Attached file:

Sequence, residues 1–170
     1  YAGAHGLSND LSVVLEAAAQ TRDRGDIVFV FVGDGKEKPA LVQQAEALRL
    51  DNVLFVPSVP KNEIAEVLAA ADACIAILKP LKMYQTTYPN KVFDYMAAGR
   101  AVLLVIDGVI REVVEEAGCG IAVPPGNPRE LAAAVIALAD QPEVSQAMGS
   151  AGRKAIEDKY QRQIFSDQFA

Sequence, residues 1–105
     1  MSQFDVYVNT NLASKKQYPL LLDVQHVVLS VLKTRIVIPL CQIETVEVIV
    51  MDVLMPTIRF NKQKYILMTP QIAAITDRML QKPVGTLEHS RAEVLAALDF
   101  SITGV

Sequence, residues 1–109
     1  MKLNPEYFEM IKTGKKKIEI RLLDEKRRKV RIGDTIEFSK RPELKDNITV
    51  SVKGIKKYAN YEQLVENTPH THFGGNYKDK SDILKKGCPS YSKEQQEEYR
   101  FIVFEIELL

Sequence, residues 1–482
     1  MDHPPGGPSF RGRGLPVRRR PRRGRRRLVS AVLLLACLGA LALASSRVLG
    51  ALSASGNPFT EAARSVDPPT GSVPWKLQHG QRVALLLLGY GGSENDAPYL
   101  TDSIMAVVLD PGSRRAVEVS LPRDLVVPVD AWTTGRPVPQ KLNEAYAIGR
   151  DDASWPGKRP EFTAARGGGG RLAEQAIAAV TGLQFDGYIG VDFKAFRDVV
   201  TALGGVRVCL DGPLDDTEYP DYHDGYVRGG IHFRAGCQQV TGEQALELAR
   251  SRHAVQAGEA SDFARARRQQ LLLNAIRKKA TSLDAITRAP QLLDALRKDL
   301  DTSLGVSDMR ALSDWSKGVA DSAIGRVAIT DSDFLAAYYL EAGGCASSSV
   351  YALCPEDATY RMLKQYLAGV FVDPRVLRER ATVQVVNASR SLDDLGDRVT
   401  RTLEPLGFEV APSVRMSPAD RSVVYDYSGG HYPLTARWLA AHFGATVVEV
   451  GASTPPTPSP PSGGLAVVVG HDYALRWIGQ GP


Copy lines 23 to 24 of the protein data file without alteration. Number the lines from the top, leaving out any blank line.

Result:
   401  RTLEPLGFEV APSVRMSPAD RSVVYDYSGG HYPLTARWLA AHFGATVVEV
   451  GASTPPTPSP PSGGLAVVVG HDYALRWIGQ GP